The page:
Finding E Maths or A Maths Difficult?

Are you finding Elementary Maths (E Maths) or Additional Maths (A Maths) Difficult?

Do not be discouraged if you find E Maths or A Maths difficult. The main reason why you are finding it to be difficult is that it is new. You have not gotten enough exposure to the type of questions asked. It is like learning to ride a bicycle, at the start it is difficult and you may even fall down. But after you have mastered riding the bicycle, you will be able to ride as fast as you wish. You need to get over the initial difficulty of learning in order to master the art of riding the bicycle.

At our Group Tuition at Bishan, we constantly practice actual exam questions, be it on Trigonometry, Differentiation or Integration (A Maths), or Vectors, Matrices and Probability (E Maths). We learn different methods to check and do the questions. You will find out, at last, that once you master the art of solving O Level questions, all the O Level questions are just repackaging the same questions in different forms. Once you know how to do one question, you will know how to do all similar questions. Expanding your repertoire of questions you know will enable you to get that coveted “A”. Constant practice, as opposed to cramming one month before the O Levels, is absolutely necessary to avoid panic and to consolidate our Mathematical memory.

Some Math formulas like the quotient rule, \displaystyle\frac{d}{dx}(\frac{u}{v})=\frac{v\frac{du}{dx}-u\frac{dv}{dx}}{v^2}, you will automatically memorize it once you have done enough practice.

In the end, you may even find that E Maths or A Maths is easy!


Motivational Story to motivate you

(Source: http://www.indianchild.com/inspiring_stories.htm)

THE OBSTACLE IN OUR PATH
In ancient times, a king had a boulder placed on a roadway. Then he hid himself and watched to see if anyone would remove the huge rock. Some of the king’s wealthiest merchants and courtiers came by and simply walked around it.

Many loudly blamed the king for not keeping the roads clear, but none did anything about getting the big stone out of the way. Then a peasant came along carrying a load of vegetables. On approaching the boulder, the peasant laid down his burden and tried to move the stone to the side of the road. After much pushing and straining, he finally succeeded. As the peasant picked up his load of vegetables, he noticed a purse lying in the road where the boulder had been. The purse contained many gold coins and a note from the king indicating that the gold was for the person who removed the boulder from the roadway. The peasant learned what many others never understand.

Every obstacle presents an opportunity to improve one’s condition.


Chinese Version

石头的故事

从前有一个国王,他故意派人搬来一块大石头放在道路中间。然后这个国王躲在旁边静静地观察,想知道是否会有人过来把这块大石头搬走。有几个富有的商人经过这块石头,只是直接绕过它。之后又来了几个人,他们只是埋怨国王居然没有找人来清理道路,然后仍然是绕过这块巨石走掉了。又过了一会,一个农夫经过这里,他身上背着沉甸甸的蔬菜。走到巨石的前面,把身上背的蔬菜放下,然后试着去把这块巨大的石头移到道路的旁边。农夫竭尽全力去推那块巨石,终于成功得把石头推到道路的一侧。农夫背起蔬菜准备继续赶路,却发现石头原来所在的地方下面有一个袋子。农夫好奇得打开袋子,里面有许多金币还有一个纸条。纸条是国王留下的,原来金币是用来奖励移走石头的人。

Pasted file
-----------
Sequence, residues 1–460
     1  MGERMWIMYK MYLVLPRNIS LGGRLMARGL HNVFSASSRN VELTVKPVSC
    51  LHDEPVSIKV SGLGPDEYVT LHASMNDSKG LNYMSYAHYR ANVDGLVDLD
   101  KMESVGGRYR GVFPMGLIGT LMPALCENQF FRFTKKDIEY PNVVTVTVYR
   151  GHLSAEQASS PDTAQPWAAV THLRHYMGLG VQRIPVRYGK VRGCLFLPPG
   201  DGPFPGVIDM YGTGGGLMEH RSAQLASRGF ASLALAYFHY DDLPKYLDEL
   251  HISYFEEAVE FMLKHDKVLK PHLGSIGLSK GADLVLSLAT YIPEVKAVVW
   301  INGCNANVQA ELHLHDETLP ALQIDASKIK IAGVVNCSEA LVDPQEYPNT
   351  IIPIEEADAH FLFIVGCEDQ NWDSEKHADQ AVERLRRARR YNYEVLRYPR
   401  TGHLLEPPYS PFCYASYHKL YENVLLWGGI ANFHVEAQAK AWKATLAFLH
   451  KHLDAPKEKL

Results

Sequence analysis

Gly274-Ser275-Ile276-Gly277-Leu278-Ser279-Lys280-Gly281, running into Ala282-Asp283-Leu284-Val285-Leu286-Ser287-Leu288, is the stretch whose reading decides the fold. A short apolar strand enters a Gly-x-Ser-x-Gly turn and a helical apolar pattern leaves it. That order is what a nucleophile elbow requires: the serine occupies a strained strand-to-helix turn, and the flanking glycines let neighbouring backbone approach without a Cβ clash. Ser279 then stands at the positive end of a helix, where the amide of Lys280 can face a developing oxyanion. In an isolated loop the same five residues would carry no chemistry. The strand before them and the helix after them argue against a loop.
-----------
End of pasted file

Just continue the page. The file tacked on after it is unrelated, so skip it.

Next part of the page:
这个小故事讲述了一个简单的道理:困境也有可能是机会。遇到困难的时候,有些人会像商人那样,直接选择放弃。有些人会像那几个埋怨者,只会抱怨却不想着付出行动来改变现状。很少人会像故事中的农夫那样选择迎难而上。然而,最终收获最多的往往就是这部分迎难而上的人。
平常生活中和工作中也是这样,遇到问题,首先要不抛弃不放弃,积极寻求解决方法。无休止的抱怨只会白白错失机会,抱怨多了,好运气也会绕道而行。在困境中寻找机会方法,在挫折中吸取经验教训,那么就会很容易走出困境了,说不定还会有意外的收获哦!

Is the Universe Made of Math?

Source: http://www.scientificamerican.com/article.cfm?id=is-the-universe-made-of-math-excerpt


Our Mathematical Universe: My Quest for the Ultimate Nature of Reality

In this excerpt from his new book, Our Mathematical Universe, M.I.T. professor Max Tegmark explores the possibility that math does not just describe the universe, but makes the universe

By Max Tegmark

What’s the answer to the ultimate question of life, the universe, and everything? In Douglas Adams’ science-fiction spoof “The Hitchhiker’s Guide to the Galaxy”, the answer was found to be 42; the hardest part turned out to be finding the real question. I find it very appropriate that Douglas Adams joked about 42, because mathematics has played a striking role in our growing understanding of our Universe.

The Higgs Boson was predicted with the same tool as the planet Neptune and the radio wave: with mathematics. Galileo famously stated that our Universe is a “grand book” written in the language of mathematics. So why does our universe seem so mathematical, and what does it mean? In my new book “Our Mathematical Universe”, I argue that it means that our universe isn’t just described by math, but that it is math in the sense that we’re all parts of a giant mathematical object, which in turn is part of a multiverse so huge that it makes the other multiverses debated in recent years seem puny in comparison.

Math, math everywhere! But where’s all this math that we’re going on about? Isn’t math all about numbers? If you look around right now, you can probably spot a few numbers here and there, for example the page numbers in your latest copy of Scientific American, but these are just symbols invented and printed by people, so they can hardly be said to reflect our Universe being mathematical in any deep way.

Continue reading at: http://www.scientificamerican.com/article.cfm?id=is-the-universe-made-of-math-excerpt